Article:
There are a few different types of retirement accounts that young adults can choose from, but one of the best options is a SIMPLE IRA. A SIMPLE IRA is an individual retirement account that allows you to make tax-deferred contributions. This means you won’t have to pay any taxes on the money you contribute until you withdraw it in retirement.

A SIMPLE IRA also has some other great benefits. For example, employer contributions are generally matched up to a certain percentage. It can help you grow your account balance more quickly. And, if you leave your job, you can usually take your SIMPLE IRA with you.

To open a SIMPLE IRA, you’ll need to find a financial institution that offers them (not all do). You’ll also need to set up an account and make regular contributions. Most people automatically deduct their contributions from their paychecks, making things easy and hassle-free.


A 401(k) is a retirement savings plan sponsored by an employer. It’s a great way to save for retirement because the money you contribute is deducted from your paycheck before taxes are taken out. This means that your 401(k) contributions are made with pretax dollars, lowering your taxable income and increasing your take-home pay.

In addition, many employers offer matching contributions, which can help you boost your retirement savings even more. For example, if your employer offers a 50% match on 401(k) contributions up to 6% of your salary, they will contribute 50 cents for every dollar you contribute, up to 6% of your salary.

If you’re a young adult just starting your career, now is a great time to start contributing to a 401(k). The sooner you start saving, the more time your money has to grow. And thanks to the power of compound interest, even small contributions can add up over time.


You can invest in a 403(b) retirement account if you work for a nonprofit or public school. This type of account has some great benefits, including tax-deferred growth and employer-matching contributions (in some cases).

However, there are also some drawbacks to consider. For example, you may have limited investment options and high fees. Additionally, you may only be able to access your money after retirement.

If you’re considering a 403(b) account, do your research and understand the benefits and drawbacks before making any decisions.


Assuming you’re in the workforce, a 457(b) plan is one of the best places to invest your money. Why? Because contributions are made pretax, which lowers your current taxable income. That means more money in your pocket now and fewer taxes owed later. It’s a win-win.

Additionally, the money in your 457(b) account grows tax-deferred, meaning you won’t owe any taxes on the growth until you withdraw the funds (most likely in retirement). And when you do finally start taking distributions, the withdrawals are taxed as ordinary income.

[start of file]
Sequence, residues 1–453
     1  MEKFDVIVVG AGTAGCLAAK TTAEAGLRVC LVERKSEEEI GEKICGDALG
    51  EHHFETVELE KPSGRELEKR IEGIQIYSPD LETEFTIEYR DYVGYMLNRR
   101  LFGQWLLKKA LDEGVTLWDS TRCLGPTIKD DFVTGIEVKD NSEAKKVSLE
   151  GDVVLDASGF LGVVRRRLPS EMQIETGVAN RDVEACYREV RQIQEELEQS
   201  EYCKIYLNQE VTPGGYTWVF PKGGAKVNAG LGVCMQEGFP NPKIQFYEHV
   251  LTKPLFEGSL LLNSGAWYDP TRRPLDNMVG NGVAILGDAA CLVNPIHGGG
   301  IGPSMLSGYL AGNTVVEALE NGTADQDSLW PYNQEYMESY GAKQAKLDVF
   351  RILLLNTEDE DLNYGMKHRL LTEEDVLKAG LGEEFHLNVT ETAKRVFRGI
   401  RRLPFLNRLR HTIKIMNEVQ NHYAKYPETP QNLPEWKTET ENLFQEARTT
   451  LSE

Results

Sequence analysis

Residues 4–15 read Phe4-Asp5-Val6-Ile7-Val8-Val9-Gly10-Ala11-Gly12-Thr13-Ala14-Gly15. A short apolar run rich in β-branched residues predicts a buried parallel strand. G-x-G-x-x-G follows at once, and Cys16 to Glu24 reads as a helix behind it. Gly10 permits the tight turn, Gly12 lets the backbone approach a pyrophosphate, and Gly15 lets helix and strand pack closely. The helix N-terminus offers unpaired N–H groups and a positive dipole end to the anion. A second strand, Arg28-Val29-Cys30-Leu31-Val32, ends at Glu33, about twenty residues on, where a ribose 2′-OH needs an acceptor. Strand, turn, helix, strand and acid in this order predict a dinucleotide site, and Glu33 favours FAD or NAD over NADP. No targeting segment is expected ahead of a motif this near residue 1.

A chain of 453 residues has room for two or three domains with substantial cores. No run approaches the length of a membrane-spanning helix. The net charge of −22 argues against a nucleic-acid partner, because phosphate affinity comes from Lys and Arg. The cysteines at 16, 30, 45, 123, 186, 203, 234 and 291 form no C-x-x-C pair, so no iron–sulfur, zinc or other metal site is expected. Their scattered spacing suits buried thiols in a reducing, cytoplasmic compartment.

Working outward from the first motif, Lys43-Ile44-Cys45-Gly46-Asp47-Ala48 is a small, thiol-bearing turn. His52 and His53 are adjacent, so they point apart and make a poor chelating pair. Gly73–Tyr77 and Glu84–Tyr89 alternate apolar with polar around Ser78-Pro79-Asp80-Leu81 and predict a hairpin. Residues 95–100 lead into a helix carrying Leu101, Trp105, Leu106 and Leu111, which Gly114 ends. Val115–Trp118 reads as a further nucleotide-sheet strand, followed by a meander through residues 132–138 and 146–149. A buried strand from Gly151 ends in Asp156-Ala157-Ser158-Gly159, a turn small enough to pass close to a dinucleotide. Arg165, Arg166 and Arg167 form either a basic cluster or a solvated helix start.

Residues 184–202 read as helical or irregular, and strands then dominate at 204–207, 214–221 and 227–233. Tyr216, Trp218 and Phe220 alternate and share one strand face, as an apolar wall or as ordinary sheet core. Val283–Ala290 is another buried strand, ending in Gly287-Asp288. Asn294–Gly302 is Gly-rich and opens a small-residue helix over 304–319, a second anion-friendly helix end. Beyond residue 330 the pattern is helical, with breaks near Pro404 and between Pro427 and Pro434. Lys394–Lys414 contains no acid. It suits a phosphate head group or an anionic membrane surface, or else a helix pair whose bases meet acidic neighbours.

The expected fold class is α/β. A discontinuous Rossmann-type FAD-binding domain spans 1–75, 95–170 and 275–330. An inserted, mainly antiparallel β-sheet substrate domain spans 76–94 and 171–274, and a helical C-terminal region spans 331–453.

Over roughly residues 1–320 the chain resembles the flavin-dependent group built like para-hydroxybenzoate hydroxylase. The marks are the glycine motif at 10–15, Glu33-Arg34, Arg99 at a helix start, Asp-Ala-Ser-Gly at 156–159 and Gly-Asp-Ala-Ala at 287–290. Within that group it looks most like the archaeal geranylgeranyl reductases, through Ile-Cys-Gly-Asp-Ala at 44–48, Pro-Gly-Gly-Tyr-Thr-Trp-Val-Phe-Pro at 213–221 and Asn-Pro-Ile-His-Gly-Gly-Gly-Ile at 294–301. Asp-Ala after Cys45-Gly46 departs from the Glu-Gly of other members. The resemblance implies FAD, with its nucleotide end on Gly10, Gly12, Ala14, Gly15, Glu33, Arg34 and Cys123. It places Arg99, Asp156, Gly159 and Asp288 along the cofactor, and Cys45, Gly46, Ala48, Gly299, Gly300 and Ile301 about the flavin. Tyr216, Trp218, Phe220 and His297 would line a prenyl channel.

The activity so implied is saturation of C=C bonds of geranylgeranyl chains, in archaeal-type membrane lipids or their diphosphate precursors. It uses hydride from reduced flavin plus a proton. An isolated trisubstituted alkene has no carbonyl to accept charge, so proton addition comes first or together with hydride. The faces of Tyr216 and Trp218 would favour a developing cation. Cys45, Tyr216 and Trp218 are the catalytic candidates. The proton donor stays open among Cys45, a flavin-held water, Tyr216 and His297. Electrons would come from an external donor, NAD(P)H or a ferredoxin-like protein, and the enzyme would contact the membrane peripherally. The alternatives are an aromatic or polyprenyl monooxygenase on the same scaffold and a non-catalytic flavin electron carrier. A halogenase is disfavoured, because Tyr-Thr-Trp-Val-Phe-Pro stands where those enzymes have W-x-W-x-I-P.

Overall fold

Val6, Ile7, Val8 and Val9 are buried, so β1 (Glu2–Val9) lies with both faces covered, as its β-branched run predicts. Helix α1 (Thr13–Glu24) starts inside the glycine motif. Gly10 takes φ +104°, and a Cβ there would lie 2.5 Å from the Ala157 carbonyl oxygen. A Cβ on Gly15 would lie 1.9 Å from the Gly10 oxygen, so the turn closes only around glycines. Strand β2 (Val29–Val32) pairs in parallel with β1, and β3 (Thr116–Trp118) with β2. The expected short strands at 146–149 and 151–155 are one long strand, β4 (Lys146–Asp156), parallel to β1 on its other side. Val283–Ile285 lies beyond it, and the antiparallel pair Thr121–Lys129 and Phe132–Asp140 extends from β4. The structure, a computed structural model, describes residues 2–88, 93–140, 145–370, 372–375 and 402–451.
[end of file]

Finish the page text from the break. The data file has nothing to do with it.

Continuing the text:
There are other things to keep in mind with 457(b) plans. First, not all employers offer them. Second, restrictions on how and when you can access your funds may be restricted. Nevertheless, if you have the option to participate in a 457(b) plan, it’s worth considering.


There are a lot of different investment accounts out there, and it can be hard to figure out which one is best for you. If you’re a young adult, you may wonder if a TSP account is right for you.

A TSP account is a retirement savings account offered by the federal government. It’s similar to a 401(k), but there are some key differences. One difference is that you can only contribute up to $18,500 per year (as of 2018). Another difference is that the money in your account is invested in government bonds, which tend to be less risky than stocks.

So, should you open a TSP account? It depends on your goals and risk tolerance. If you’re looking for a safe place to save for retirement, a TSP account is a good option. But other investment options might be better if you’re willing to take on more risk in pursuit of higher returns.

Final Thoughts

There are a lot of different investment accounts available for young adults, but not all of them are created equal. We’ve compiled a list of the best investment accounts for young adults based on factors like fees, minimum deposits, and account types. 

No matter what your financial goals are, there’s an investment account on this list that can help you reach them. So what are you waiting for? Start investing today!